Fans have long wondered what happened to Ahsoka after she left the Jedi Order near the end of the Clone Wars and before she reappeared as the mysterious Rebel operative Fulcrum in Rebels. Finally her story will begin to be told. Following her experiences with the Jedi and the devastation of Order 66, Ahsoka is unsure she can be part of a larger whole ever again. But her desire to fight the evils of the Empire and protect those who need it will lead her right to Bail Organa - and the Rebel Alliance.
The story itself isn't exactly deep but it's a fun listen. Ashley Eckstein does a brilliant job, as you would imagine, with the narration. I hope she continues to do audio books. I don't normally like female narrators for male voices but the majority of the characters in this book are female anyway, and her male voices were on point. If you always loved Ahsoka and wanted to find out how she become Fulcrum, then this book will not let you down.
The heroes are overjoyed when they discover another group of survivors living on a manmade island in the middle of the Pacific Ocean. But there's something very, very wrong with this isolated community and its mysterious leader - a secret that could put every survivor in the world at risk.
I always enjoy the Ex-Heroes books, but after the last one this one had a lot to live up to. I just couldn't get into the story. The premise of the new island is interesting but the characters just come off as typical, shallow, and boring. The story had the makings of a great idea but was poorly executed. I had a hard time feeling like the characters were ever in any real danger. If this was a new book in a unknown series, I probably would have rated it higher. It's not a bad story, it just doesn't live up to the previous ones. The antagonist just wasn't anything special and I don't feel like much happened with the story overall. There seemed to be more focus on gore and zombies in this novel, which if that appeals to you, you may enjoy it more than I did. I know, it's a zombie series, but overall I have come to expect more from Mr. Clines. I enjoy this series immensely and hope to see something with more depth of character and story come out of the next book.
With all that said, you should listen to this book for no other reason than to hear the excellent narrators return to this series once again. They're top notch.
0 of 1 people found this review helpful
When the end finally occurred, everything about it was cinematic. The dead came back and ate people, civilization collapsed, and no one could do a thing. But Cyrus V. Sinclair couldn’t care less; he’s a sociopath. Amidst the chaos, Cyrus sits back and contemplates the gore stained streets and screams of his fellow man with little more emotion than one of the walking corpses. With his cache of guns and MREs, he rather likes the idea of hunkering down in his Seattle apartment while the world ends outside.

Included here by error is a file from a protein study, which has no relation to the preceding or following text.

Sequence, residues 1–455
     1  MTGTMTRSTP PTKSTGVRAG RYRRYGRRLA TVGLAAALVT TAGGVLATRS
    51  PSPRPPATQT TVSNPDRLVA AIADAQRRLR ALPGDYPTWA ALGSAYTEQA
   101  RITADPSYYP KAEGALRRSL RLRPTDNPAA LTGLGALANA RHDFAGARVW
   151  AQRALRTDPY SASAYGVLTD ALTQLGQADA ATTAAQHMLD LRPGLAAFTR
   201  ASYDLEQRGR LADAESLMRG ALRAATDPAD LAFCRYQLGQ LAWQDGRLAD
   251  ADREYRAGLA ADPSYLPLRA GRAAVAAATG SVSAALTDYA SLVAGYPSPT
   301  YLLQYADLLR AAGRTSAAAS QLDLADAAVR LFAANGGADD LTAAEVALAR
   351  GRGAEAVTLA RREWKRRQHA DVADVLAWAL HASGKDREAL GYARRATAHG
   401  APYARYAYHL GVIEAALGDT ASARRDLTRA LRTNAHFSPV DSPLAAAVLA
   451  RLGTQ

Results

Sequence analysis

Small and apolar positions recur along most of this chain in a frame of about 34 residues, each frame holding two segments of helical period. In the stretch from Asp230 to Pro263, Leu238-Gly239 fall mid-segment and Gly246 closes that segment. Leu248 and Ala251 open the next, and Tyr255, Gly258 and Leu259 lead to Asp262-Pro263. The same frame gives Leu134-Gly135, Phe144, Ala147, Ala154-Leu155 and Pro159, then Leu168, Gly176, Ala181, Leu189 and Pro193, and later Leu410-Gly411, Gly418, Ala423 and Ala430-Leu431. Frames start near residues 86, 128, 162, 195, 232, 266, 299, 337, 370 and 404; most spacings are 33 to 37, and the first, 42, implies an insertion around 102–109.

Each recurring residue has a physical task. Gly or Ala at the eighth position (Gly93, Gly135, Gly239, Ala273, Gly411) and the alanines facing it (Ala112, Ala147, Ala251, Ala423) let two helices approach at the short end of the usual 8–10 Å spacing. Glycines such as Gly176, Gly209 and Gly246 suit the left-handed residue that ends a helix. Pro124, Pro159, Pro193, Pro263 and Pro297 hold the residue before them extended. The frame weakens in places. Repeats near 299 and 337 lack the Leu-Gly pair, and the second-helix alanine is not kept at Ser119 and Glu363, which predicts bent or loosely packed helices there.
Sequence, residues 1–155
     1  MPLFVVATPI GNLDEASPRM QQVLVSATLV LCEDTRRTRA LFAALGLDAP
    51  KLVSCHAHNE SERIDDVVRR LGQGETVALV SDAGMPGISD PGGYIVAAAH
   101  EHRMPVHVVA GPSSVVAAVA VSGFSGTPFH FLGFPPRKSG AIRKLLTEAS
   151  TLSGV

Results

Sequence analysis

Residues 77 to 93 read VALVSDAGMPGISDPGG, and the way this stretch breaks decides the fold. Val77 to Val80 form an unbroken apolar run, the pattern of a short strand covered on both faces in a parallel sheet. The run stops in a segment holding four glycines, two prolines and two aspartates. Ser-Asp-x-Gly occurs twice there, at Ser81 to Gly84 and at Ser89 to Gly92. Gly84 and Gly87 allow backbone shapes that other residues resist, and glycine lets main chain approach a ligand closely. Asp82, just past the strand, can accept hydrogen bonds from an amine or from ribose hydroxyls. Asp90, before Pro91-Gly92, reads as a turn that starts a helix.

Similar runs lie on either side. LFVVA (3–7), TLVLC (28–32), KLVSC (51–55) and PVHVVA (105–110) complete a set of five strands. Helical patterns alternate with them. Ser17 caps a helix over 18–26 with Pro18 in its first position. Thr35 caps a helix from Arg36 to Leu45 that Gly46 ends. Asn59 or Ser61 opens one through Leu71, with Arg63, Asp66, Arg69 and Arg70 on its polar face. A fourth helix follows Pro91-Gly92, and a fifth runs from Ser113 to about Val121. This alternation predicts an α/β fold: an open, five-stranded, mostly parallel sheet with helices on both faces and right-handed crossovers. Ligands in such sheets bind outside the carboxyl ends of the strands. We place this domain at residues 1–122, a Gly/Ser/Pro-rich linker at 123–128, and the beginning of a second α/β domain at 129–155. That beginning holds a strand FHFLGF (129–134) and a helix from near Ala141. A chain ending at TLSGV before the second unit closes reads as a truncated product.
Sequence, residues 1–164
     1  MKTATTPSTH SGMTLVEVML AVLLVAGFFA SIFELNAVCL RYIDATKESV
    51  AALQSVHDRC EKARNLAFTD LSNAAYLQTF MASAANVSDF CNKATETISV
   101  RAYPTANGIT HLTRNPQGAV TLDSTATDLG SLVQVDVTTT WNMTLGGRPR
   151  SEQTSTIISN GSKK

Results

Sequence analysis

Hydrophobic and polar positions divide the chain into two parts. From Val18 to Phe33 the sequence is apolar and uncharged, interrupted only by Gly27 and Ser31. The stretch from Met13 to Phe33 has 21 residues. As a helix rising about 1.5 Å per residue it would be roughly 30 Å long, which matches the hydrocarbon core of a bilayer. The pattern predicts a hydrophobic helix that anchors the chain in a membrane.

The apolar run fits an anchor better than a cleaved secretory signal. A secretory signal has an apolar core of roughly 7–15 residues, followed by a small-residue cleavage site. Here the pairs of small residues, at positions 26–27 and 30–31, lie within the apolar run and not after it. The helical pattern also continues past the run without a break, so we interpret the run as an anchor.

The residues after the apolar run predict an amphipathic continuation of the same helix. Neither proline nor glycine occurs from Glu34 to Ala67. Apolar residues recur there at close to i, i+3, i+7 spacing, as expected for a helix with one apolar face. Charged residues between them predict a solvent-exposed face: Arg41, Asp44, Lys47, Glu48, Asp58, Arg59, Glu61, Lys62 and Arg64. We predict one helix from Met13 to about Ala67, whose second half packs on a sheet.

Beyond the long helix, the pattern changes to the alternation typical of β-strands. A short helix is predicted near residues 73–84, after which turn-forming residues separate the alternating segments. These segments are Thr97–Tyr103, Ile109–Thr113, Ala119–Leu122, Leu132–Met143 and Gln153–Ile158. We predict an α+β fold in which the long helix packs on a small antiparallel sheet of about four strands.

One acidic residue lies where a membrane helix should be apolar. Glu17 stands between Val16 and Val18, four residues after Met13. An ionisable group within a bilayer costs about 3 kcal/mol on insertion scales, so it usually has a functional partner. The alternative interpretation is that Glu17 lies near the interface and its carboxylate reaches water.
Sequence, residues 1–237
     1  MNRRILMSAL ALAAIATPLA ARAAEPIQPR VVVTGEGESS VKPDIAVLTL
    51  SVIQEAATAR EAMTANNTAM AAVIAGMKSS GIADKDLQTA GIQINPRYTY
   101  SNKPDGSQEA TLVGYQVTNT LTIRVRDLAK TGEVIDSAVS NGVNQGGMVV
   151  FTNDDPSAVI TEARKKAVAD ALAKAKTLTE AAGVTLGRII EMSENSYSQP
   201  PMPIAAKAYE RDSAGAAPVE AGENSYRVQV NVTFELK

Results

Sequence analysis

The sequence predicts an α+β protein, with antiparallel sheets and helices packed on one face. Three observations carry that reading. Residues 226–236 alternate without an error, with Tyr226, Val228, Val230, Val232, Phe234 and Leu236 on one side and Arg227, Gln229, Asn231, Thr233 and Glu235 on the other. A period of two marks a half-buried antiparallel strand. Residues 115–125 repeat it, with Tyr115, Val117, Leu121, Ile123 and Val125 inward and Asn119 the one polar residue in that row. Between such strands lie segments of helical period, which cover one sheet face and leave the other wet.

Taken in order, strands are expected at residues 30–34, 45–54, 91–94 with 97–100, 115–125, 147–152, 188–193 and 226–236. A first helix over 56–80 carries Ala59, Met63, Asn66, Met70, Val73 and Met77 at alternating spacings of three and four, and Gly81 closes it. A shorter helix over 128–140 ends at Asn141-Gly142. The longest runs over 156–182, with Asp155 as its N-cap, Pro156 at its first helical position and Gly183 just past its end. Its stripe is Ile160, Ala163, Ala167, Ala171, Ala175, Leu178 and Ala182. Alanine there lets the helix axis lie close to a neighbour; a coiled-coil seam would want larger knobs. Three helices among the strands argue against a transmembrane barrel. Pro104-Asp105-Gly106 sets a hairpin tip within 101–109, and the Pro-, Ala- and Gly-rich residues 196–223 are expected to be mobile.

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With the incredible number of choices available in the zombie fiction world it is hard to find one that stands out, but I believe this is one of those stories. The main character is normally someone who would play more a side role in most dystopian novels. He isn't a hero and isn't trying to be one, but we definitely get to see him change through out the book. A serious character driven story that takes you on a journey of apathy, to ambivalence and finally empathy. There are so many stories that follow stereotypical hero plots, give this one a read/listen if you're looking for something different.
On opening day of the new baseball season, a small model-kit airplane flies down from the stands and buzzes the mound, where a decorated veteran pilot is about to throw out the first ball. The toy plane is the exact replica of the one flown by the war hero. Everyone laughs, thinking it's a prank or a publicity stunt. Until it explodes, killing dozens.
I admit to being addicted to this universe. I've read or listened to all the novels and short stories. Unfortunately this was my least favorite. The bad guys are rehashed and fairly uninteresting and the plot devices are obvious. Nothing really new happens in this book. Generally a book with answer some questions or raise some more. Some questions about Church are raised and some potentially answered there just isn't enough in this one. Perhaps Joe doesn't have much story left to tell but I'm hoping the next one is better.
1 of 2 people found this review helpful
When Joe Ledger and Echo Team rescue a group of American college kids held hostage in Iran, the Iranian government then asks them to help find six nuclear bombs planted in the Mideast oil fields. These stolen WMDs will lead Joe and Echo Team into hidden vaults of forbidden knowledge, mass-murder, betrayal, and a brotherhood of genetically-engineered killers with a thirst for blood.
If you loved Patient Zero but felt the other books didn't live up to the first, then I think you should give this one a shot. It's a non-stop roller coaster ride that the Joe Ledger novels are known for. From the first chapter the DMS team is thrown into the thick of it. MaBerry may jump on the popular culture band wagon with zombies and vampires but he always does it in his own style. He certainly borrows from the same ideas from these mythos but always seems to add something new into the mix that gives his stories a uniqueness you might not expect. I looked up many of the plot devices in this book and they're all real and have the mystery he describes. I enjoy fantasy that can be explained with some suspension of disbelief and real world mysteries. In addition, I felt that this series was becoming overly depressing. This book certainly has it's moments but I was very satisfied with the ending. It renewed my interest in this series and I'm looking forward to the next book!
Now for the narration. Ray Porter has to be one of my absolute favorite narrators. He seems to have an endless number of voices that he can create and bring life to. Many narrators won't even try female voices but he just nails it, great work Mr. Porter. You really do deserve an award for your work! He absolutely brings this story to life in a way very few narrators understand.